R.B. is a medical doctor who was accused in Texas of distributing counterfeit merchandise in violation of federal and state laws. To protect his client from possible criminal prosecution and the ramifications that such prosecution would have had for both his liberty and professional license, Attorney Dudley was able to resolve the matter through an early and quick civil settlement.
In U.S v. D.A., the defendant was accused of participating in a conspiracy to distribute large quantities of pharmaceutical drugs unlawfully from California to Washington and Alaska. The defendant faced a potential federal guideline sentence of over ten years, despite her youthfulness and lack of criminal record. To protect her from such a draconian sentence, Attorney Dudley worked out a disposition under which she faced a maximum penalty of approximately 33 months, for which the government in fact argued at sentencing. Directing the district court to the defendant’s very unstable and almost tragic upbringing, along with an older co-conspirator’s manipulation of her, the sentencing judge imposed NO PRISON TIME, placing the defendant instead on an 18-month term of house arrest.
M.B. worked for a franchise of a nationwide coffee house chain. She was terminated after the owner of that franchise discovered that she had embezzled thousands of dollars from his store. A felony criminal investigation commenced. On the verge of meeting with an investigating detective who would have arrested her, she instead decided to retain Attorney Dudley. Citing the defendant’s young age and lack of criminal history, Mr. Dudley convinced the detective that a civil settlement of the matter would be in the best interest of all involved. Once the victim owner accepted that proposal, he received a monetary settlement and NO CHARGES were filed.
R.R. worked for an income tax preparation service but came under federal investigation for the submission of false returns and also identity theft. After Attorney Dudley convinced investigating agents that it was her identity that had been stolen by certain operators of that service, the investigation of her ceased and NO CHARGES were ever filed.
The defendant in P. v. G.C. was investigated by a federal/state task force for orchestrating a conspiracy to distribute substantial amounts of cocaine from Mexico into Southern California. That investigation resulted in wiretaps of his and other co-conspirator’s telephones. Those wiretaps captured multiple conversations in which the defendant directed others to distribute several hundred kilograms of cocaine. Eventually charged in California state court, the defendant, who already had one prior felony drug-trafficking conviction, faced a potential sentence of almost 30 years. Attorney Dudley, however, negotiated a disposition of only 9 years. With Mr. Dudley’s post-sentence assistance, under the state’s new realignment system, his client will probably qualify for programs which will reduce his actual time of incarceration to no more than 3 years.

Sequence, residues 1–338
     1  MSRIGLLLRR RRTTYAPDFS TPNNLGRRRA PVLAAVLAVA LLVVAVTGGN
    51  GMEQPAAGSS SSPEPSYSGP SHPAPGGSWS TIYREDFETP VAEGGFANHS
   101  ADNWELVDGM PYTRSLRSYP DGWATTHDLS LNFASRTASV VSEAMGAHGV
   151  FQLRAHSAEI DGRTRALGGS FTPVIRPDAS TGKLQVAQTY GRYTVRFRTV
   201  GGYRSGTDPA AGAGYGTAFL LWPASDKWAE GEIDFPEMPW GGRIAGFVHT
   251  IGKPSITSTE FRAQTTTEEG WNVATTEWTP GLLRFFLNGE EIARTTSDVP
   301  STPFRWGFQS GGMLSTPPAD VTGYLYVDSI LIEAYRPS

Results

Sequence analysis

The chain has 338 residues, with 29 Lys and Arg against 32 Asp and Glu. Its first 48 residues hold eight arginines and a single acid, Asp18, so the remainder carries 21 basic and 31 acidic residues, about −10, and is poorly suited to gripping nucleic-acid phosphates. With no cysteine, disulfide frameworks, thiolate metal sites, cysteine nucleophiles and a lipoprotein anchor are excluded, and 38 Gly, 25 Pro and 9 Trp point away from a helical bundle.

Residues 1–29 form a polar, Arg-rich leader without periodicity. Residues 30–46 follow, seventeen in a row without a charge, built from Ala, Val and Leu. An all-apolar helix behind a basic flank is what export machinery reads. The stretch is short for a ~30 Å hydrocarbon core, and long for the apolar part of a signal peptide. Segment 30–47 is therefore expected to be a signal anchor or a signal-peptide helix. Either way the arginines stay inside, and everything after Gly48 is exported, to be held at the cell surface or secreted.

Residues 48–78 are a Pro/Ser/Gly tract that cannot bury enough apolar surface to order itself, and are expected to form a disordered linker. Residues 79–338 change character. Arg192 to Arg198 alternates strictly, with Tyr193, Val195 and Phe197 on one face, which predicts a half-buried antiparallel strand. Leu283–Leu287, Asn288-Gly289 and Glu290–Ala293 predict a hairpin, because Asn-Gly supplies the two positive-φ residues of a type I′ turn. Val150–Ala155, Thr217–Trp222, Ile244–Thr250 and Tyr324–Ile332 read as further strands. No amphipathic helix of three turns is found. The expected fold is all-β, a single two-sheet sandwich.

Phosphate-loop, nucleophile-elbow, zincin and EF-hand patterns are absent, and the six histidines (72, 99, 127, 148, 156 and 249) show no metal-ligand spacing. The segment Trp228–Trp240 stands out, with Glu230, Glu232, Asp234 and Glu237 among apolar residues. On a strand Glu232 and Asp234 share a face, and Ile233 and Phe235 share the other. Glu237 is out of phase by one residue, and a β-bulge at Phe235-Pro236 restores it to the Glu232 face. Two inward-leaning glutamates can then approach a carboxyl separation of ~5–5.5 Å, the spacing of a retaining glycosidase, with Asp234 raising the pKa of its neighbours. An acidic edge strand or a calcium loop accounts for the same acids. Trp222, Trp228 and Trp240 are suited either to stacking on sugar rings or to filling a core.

In U.S. v. J.P., the defendant was accused of participating in a conspiracy by a street gang to distribute large amounts of crack cocaine. His prior criminal history qualified him for career offender status under the United States Sentencing Guidelines. The conviction that ultimately placed him in that status was one for assault with a deadly weapon—a case in which he had fired multiple rounds from a semi-automatic weapon at a private security officer in his patrol vehicle. Under the habitual offender provisions of the guidelines, the defendant faced a minimum sentence of 188 months. While emphasizing the extreme seriousness of that conviction for assault with a firearm, the district court accepted Attorney Dudley’s argument that his client had committed that crime, and several other felonies, many years in the past when he was a young, misguided, abused, drug-addicted, and reckless youth. Consequently, he sentenced the defendant to an imprisonment term of 96 months, over 8 years less than that recommended by the guidelines.
In U.S. v. J.S., the defendant was accused of being the principal organizer of a Mexican drug cartel’s conspiracy to import assault rifles from the United States into Mexico. That conspiracy was the focus of the Bureau of Alcohol, Tobacco, and Firearm’s “Fast and Furious” investigation. The defendant was personally involved with the transfer of several hundred assault weapons from Arizona to Mexico. Due to the number of weapons he exported, his leadership role, his extensive criminal history, and his unlawful presence in the United States when he committed the offense, the defendant was facing a potential federal guideline sentence of 360 months to life in prison. Attorney Dudley, however, negotiated a disposition with the government which provided for a maximum sentence of 180 months. After expressing his discomfort with that plea agreement and indicating his desire to sentence the defendant to a prison term far greater than 180 months, as recommended by the United States Probation Office, the district court ultimately accepted the agreement and imposed a sentence of 15 years.